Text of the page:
When the congregation at tiny San Marco Church in Jacksonville began transforming from an aging group to a millennial assemblage, the church began seeking new ways to study the Bible. Members sought something outside the walls of the formal church setting.
|Held at Aardwolf Brewing Company in Jacksonville, members of the Brews and Hebrews Bible study meet Sunday evenings. The San Marcos group was looking to meet outside the walls of a formal church setting.|
Just over a year ago, about a dozen members began gathering each Sunday evening at Aardwolf microbrewery, a few blocks from the church, for a Bible study dubbed Brews and Hebrews.
“It’s really been more successful than I expected,” said Pastor Steve Painter. “I’m excited about it. I expected five or six people to show up, and we’ve got double that.”
The small group borrowed from Bishop Ken Carter’s Twitter feed last year when he preached about Luke, then Acts, probably because they cover exactly 52 weeks, Painter surmised. “That’s why we did it.” Now, the group is discussing Hebrews, a chapter of the Bible none of the members had previously studied.
Talking the Bible over a beer isn’t a brand-new concept. There are numerous similar groups nationwide, including one called What Would Jesus Brew.
The conversations can be very interesting, Painter said, noting one particular evening when the group was reading about angels in the Bible.
“It is more of an informal setting than church,” Painter said. “The guy that is leading this, Tom Lewis, picks up where we left off the Sunday before. He reads a couple verses, and when we come across something interesting, we stop and talk about whatever it is. For example, in the first chapter of Hebrews, it talks about angels quite a bit. We had a very in-depth conversation on how we view angels versus how those people (in biblical times) would view angels.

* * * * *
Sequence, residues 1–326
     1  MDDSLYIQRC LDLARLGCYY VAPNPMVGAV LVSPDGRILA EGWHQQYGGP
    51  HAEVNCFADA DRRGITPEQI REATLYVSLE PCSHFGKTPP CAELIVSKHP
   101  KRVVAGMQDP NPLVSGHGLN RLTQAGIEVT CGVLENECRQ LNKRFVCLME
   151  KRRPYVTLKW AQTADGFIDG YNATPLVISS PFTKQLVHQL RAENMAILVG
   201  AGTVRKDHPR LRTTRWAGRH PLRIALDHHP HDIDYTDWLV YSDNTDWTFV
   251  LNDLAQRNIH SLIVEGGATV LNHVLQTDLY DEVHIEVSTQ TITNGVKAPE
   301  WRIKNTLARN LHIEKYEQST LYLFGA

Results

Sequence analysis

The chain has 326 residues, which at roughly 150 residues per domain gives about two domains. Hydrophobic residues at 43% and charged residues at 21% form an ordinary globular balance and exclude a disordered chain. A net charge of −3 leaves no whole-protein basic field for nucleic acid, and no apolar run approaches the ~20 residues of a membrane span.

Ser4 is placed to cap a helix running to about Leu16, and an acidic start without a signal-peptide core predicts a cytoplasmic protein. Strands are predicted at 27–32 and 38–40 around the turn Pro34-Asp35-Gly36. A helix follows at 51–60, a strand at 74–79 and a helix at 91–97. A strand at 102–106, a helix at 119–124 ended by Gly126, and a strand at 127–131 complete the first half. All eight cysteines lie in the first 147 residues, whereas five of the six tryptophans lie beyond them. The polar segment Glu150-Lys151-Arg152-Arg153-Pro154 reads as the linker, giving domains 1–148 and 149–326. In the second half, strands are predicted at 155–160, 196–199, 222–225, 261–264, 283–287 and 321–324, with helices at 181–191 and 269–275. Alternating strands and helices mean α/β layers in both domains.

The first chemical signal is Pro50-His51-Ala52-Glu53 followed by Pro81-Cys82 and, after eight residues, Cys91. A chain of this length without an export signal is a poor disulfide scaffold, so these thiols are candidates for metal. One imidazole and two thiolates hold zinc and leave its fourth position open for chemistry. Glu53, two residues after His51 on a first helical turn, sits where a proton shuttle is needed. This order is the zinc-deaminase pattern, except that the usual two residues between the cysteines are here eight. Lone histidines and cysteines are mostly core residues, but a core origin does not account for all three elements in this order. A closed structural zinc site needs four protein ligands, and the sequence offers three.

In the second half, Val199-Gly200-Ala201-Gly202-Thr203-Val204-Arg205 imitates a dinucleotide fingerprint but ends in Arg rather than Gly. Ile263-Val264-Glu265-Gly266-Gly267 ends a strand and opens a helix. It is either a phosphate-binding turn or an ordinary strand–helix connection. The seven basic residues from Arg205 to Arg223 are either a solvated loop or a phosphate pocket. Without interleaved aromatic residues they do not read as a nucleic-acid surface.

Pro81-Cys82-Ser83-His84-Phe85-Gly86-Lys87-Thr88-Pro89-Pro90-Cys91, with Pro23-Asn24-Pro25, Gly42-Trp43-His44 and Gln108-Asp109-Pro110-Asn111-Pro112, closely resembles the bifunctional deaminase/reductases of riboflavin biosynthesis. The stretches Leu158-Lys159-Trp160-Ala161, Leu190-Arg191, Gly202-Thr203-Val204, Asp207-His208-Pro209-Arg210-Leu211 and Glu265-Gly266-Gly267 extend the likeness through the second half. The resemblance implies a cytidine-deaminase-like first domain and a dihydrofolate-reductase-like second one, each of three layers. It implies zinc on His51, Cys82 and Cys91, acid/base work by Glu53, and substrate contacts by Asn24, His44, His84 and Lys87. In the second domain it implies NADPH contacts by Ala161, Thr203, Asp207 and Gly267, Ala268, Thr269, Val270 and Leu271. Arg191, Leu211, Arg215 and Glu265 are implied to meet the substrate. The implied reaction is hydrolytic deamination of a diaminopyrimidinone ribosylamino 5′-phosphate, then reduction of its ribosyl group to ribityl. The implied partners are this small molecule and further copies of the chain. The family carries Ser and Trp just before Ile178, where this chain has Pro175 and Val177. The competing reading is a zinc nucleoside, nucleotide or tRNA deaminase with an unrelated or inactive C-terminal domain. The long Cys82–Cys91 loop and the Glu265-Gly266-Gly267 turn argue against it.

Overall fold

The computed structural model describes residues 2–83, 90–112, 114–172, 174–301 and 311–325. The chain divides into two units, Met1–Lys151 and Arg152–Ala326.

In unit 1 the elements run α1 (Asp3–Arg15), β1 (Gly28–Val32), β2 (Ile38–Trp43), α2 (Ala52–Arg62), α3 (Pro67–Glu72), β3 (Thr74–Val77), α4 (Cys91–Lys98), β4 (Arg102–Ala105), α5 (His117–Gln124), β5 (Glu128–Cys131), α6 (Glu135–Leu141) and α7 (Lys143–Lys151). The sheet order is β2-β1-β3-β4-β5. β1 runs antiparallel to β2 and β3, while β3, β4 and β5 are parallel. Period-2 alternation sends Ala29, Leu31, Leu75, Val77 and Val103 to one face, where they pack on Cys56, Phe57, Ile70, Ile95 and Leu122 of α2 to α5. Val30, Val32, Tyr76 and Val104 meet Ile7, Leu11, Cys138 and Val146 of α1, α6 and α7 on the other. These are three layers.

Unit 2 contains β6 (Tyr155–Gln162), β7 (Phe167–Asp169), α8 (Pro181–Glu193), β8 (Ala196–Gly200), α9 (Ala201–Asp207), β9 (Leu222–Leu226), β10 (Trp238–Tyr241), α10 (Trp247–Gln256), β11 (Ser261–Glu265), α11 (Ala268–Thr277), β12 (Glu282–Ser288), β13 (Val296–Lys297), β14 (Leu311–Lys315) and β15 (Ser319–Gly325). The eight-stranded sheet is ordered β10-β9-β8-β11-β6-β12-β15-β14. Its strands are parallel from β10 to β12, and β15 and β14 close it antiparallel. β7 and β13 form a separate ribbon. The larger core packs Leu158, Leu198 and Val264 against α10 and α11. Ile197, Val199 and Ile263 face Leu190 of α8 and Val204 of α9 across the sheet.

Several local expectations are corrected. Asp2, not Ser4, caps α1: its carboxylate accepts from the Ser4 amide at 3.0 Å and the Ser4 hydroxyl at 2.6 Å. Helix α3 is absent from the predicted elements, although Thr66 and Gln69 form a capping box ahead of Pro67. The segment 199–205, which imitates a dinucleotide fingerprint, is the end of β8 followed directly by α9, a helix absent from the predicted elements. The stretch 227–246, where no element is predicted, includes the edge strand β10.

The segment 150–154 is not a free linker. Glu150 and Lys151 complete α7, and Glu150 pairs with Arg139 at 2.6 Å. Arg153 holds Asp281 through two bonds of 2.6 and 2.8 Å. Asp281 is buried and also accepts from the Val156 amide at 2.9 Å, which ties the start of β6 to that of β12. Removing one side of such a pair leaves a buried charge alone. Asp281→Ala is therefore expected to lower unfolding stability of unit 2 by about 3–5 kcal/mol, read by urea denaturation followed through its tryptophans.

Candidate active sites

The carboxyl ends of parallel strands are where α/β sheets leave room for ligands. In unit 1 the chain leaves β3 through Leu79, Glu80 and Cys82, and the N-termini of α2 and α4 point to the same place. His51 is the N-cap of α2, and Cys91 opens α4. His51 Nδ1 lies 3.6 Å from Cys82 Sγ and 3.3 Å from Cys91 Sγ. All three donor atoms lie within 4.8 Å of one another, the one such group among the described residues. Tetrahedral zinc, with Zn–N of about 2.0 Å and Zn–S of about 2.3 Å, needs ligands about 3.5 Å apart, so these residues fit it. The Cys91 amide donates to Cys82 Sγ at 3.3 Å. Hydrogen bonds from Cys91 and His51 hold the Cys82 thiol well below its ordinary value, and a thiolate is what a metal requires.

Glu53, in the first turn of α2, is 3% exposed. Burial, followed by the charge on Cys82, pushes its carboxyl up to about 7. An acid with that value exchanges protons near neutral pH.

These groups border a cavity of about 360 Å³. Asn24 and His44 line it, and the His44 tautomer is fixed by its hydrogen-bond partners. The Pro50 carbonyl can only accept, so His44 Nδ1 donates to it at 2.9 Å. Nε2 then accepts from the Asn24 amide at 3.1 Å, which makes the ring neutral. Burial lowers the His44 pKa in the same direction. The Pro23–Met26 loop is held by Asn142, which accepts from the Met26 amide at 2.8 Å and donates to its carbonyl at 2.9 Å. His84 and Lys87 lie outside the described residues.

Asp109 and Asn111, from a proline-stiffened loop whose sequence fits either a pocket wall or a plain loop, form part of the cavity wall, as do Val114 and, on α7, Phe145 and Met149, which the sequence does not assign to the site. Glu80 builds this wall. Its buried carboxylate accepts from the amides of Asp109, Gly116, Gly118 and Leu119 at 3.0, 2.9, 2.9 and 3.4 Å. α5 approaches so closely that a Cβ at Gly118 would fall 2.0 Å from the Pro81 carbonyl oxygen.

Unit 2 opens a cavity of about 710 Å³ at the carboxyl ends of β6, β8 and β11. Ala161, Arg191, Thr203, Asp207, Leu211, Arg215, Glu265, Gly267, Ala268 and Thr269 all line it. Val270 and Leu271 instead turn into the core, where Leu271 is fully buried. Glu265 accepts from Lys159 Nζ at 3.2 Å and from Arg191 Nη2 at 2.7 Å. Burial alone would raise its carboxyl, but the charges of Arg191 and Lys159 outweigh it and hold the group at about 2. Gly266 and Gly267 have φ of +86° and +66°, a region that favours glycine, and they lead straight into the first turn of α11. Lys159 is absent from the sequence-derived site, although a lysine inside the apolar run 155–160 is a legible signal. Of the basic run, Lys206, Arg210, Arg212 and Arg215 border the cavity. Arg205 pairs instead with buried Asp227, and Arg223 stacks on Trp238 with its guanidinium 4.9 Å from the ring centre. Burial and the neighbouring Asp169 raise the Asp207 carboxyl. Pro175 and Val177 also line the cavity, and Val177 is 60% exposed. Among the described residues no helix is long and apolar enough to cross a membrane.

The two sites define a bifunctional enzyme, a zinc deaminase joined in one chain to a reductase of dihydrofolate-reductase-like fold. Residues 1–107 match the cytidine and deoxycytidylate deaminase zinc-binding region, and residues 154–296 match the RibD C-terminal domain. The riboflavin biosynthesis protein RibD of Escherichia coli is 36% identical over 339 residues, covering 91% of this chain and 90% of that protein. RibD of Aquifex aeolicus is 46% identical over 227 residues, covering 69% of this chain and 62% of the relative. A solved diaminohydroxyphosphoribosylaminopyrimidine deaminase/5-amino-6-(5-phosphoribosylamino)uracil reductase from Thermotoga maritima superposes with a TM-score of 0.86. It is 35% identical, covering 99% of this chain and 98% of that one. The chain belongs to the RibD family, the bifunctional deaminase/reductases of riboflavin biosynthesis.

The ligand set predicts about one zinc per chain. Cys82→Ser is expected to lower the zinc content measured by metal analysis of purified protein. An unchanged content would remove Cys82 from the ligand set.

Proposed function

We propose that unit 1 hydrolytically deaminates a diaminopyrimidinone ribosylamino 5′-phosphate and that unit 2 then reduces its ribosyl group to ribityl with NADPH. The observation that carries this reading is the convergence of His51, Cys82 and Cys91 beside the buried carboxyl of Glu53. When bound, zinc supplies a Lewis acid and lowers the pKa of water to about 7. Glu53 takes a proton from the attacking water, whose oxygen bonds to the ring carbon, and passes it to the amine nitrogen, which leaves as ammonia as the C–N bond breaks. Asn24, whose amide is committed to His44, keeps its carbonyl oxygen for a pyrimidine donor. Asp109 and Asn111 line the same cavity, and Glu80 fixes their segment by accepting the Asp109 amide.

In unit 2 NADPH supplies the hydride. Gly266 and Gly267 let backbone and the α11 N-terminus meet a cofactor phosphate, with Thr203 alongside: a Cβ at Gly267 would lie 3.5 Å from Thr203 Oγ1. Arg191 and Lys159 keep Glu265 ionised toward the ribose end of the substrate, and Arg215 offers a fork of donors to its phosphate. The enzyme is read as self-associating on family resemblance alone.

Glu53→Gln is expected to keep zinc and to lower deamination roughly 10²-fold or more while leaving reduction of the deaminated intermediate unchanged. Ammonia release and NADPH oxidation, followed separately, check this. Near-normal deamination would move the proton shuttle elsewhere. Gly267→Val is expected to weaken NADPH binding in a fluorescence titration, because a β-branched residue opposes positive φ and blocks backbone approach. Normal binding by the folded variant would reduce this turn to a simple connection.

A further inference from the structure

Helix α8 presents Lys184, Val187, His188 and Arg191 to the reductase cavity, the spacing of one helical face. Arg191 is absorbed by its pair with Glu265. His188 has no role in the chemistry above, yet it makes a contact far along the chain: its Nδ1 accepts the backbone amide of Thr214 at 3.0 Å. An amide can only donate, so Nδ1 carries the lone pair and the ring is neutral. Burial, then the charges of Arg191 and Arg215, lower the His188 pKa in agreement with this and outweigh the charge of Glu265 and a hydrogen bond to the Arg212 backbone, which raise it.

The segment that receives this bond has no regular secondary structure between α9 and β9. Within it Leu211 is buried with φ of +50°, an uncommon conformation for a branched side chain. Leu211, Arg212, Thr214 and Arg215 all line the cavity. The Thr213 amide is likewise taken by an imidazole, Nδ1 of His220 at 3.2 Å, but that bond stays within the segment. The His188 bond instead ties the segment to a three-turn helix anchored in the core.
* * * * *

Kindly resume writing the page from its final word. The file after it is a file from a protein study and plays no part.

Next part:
“It was interesting,” Painter said. “Today, we view angels as messengers, and the impression we get from reading the scripture is it looks like they actually worshipped and held angels in too high a regard.”
These Bible studies not only get a conversation going, but also expose the surrounding community to the San Marco congregation, Painter said. The area is a community going through gentrification. “We are a very young congregation. I’ve just finished my fourth year there, and when my wife and I got there we were the youth group. Now, I call us the senior citizens.”
In addition to Brews and Hebrews, San Marco has a Fresh Expression it calls Brew Theology, held at the same microbrewery. “A number of people like that format,” Painter said. “Recently we’ve had one or two unchurched people that found us through the Fresh Expressions group, so it’s a nice next step for them.
Brews and Hebrews usually lasts about 90 minutes.
“You can see people in the room who have finished their beer, but aren’t ready to leave because they are listening,” Painter said. Occasionally, the bartenders will pass through a few times and listen in. “Bartenders will walk through just to hear what we are saying.
“It’s a big change for our church,” which draws about 50 worshippers on any given Sunday, he said. The average age now is 35 to 40.
--Yvette C. Hammett is a freelance writer based in Valrico.